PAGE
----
To the Concerned Family and Friends Who Said Co-Sleeping Was a Bad Idea…

 

I don’t like to brag, gloat, or say “I told you so”, and I’m in no way a “perfect parent”. I’m aware that every child is different, every parent is different, and every family is different. I am in no way judging you for YOUR choices that YOU feel were right FOR YOU. But for just one moment, I need to say this…

 

I TOLD YOU SO!

 

Remember when I first brought my son home and let him sleep on my chest? How I rarely put him down in the crib or bassinet? How I nursed him whenever he wanted it? I do. And I also remember this:

 

“He’ll never sleep on his own if you don’t put him down in his crib. He’ll come to associate nursing with sleep, and he’ll NEVER break the habit. You’ll still have to rock him to sleep every night. You need to sleep train that baby.”

 

So I tried to put him down in his crib, but neither of us liked that arrangement. So I went back to doing what worked for me. Then he hit six months old, when everyone else I seemed to know had “trained” their babies. Three days of inconsolable crying, they said. That’s all I had to get through, and then he’d fall asleep on his own without a fuss. Well, I couldn’t do it. So when my son was getting too heavy for me to be holding in my arms during naptime, I moved nap time to the bedroom. I laid down with that little boy, let him nurse and snuggle against my chest, and I spent those two hours on my tablet playing games and reading whatever I wanted to. Or I napped WITH him. And for this I heard…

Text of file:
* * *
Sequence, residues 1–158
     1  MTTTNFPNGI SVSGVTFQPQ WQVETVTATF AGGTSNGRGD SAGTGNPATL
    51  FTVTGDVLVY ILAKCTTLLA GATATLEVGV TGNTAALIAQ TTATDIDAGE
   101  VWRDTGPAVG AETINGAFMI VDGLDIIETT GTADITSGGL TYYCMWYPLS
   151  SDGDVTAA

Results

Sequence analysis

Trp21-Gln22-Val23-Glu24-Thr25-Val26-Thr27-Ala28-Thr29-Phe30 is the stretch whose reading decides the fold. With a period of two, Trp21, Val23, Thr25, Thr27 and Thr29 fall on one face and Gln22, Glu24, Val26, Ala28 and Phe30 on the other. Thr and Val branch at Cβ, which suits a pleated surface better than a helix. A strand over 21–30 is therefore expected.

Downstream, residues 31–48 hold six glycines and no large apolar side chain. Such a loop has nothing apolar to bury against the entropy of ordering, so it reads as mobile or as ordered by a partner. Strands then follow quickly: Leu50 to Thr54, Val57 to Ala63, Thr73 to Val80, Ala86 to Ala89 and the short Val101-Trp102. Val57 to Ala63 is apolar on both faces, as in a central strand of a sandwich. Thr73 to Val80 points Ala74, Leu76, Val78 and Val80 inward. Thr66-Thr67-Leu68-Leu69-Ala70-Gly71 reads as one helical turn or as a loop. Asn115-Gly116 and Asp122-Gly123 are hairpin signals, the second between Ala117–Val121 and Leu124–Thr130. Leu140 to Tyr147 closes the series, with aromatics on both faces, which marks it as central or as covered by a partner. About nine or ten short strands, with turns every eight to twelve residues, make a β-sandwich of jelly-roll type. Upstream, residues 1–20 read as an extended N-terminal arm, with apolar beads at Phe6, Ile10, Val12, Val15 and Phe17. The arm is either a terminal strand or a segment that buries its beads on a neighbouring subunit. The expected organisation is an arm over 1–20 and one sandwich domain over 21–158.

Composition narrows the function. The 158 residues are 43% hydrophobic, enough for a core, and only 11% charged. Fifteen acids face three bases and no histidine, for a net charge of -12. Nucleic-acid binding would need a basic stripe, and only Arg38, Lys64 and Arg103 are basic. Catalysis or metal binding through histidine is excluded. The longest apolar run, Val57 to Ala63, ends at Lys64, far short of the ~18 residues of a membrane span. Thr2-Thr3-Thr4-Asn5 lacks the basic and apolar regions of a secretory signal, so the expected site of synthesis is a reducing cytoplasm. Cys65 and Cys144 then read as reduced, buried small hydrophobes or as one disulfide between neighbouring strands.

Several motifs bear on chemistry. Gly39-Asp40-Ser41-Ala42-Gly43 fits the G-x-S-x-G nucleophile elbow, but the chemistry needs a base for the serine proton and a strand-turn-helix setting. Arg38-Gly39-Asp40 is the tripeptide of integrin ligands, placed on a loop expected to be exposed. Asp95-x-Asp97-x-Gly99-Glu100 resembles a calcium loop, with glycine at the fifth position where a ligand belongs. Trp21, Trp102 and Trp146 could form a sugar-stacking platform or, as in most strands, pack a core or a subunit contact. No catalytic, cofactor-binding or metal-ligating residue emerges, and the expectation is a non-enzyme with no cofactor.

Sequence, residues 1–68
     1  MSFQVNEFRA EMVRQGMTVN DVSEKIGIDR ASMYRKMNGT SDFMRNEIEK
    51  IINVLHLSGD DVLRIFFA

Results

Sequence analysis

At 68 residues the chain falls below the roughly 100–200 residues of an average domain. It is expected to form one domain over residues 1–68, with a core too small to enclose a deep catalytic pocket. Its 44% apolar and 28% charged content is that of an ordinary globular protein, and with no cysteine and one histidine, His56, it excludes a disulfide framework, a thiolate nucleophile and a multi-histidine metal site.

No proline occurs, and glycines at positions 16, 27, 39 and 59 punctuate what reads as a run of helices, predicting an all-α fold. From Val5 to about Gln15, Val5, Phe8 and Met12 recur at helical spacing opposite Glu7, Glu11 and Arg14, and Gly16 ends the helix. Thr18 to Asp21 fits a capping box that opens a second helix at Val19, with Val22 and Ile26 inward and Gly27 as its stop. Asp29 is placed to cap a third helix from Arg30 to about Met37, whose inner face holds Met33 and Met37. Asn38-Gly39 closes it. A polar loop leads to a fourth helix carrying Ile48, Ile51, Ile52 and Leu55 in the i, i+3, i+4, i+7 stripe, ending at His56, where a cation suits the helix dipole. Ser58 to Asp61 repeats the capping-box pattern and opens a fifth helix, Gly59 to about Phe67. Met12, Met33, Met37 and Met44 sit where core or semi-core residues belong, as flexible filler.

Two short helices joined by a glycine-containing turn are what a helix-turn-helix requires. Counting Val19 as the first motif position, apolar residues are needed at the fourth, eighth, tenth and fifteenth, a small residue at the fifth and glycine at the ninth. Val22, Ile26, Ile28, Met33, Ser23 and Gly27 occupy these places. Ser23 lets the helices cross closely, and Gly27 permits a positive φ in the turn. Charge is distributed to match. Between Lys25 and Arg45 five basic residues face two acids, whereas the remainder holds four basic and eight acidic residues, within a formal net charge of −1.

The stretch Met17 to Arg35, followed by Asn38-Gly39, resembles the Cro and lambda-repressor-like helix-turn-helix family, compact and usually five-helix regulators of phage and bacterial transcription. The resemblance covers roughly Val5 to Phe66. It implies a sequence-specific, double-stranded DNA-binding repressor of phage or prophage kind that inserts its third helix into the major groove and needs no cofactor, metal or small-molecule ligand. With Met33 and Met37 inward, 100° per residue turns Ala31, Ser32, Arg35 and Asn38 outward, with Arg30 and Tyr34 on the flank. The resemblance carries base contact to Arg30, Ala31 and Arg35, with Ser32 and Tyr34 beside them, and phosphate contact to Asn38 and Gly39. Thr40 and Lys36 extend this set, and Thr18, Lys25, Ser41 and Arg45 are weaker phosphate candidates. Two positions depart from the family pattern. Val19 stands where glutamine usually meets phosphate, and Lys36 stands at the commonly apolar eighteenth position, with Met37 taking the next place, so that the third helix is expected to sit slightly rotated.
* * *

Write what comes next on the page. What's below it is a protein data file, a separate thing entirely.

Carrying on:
“He’s too old to still need to nurse off you to fall asleep. He should be sleeping in his own room. You will NEVER break him of that habit of needing you to be next to him while he’s sleeping. You’ll NEVER get anything done!”

 

And I ignored this ‘advice’ because I liked napping in the middle of the day and it was really no big deal. I had my tablet and my Nintendo DS to play with. And eventually I got to the point where I COULD slip away for an hour or two while he napped, or when he went to bed at night. Sure, he would wake up and cry for me, and I’d come back and nurse him down to sleep. Sometimes I stayed, other times I left to watch the rest of my movie with my husband. But the older he got, the more time I found I could spend away from him. Then he hit 18 months and I started hearing it again…

 

“He doesn’t need you. He needs to be a big boy and sleep in his own room. You will NEVER get that child out of your bed now!”